Q: Is colored paper recyclable?

A: It is possible to recycle colored paper, including brightly colored papers. In fact, many paper recyclers receive a wide variety of paper grades, including colored and brightly colored papers on a daily basis, and do not have any challenges or problems with recycling these papers. Many recyclers will balance the amount of white versus colored papers being deinked and processed to maintain and control brightness levels of the finished recycled pulp.

Q: How can you tell if you’ve selected an environmentally preferable paper?

A: Look for certifications from organizations or paper made with recycled post-consumer fiber. This includes paper that is certified by the Forest Stewardship Council (FSC) and/or by Green Seal. FSC is a non-profit organization devoted to encouraging the responsible management of the world’s forests that sets high standards to ensure forestry is practiced in an environmentally responsible, socially beneficial, and economically viable way. Green Seal is an independent non-profit organization dedicated to safeguarding the environment and transforming the marketplace by encouraging the purchase and use of environmentally responsible products and services. Green Seal certification verifies that the paper bearing its logo has at least 30% recycled post-consumer fiber and passes Green Seal’s rigorous standards.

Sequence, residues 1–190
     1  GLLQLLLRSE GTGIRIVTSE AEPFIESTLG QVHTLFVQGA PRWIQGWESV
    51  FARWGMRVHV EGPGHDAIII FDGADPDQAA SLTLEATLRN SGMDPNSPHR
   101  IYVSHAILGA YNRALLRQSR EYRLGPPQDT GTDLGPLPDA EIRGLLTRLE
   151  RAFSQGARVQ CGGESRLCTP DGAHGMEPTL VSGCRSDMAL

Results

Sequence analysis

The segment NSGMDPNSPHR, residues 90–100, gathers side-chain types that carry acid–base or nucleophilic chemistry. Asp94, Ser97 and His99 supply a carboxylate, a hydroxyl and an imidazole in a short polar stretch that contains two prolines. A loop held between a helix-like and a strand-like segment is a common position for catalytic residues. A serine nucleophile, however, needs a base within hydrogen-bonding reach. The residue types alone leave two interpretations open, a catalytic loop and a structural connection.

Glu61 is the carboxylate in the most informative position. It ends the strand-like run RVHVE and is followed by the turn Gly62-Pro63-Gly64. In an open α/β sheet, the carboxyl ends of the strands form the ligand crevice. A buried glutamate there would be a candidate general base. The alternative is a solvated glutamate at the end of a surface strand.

Q: How do paper products earn certifications?

A: Within each certification, there are specific guidelines, steps, and criteria a company must follow in order to earn a title. FSC certification offers three types of certification: Forest Management (FM), Chain of Custody (CoC), and FSC Controlled Wood. Of the three, CoC is the most pertinent certification for our industry, as it relies on companies that manufacture, process, or trade in timber or non-timber forest products. By receiving CoC certification, a company has demonstrated to its customers that it operates responsible sourcing policies and practices, and has complied with public or private procurement policies where FSC is the preferred option.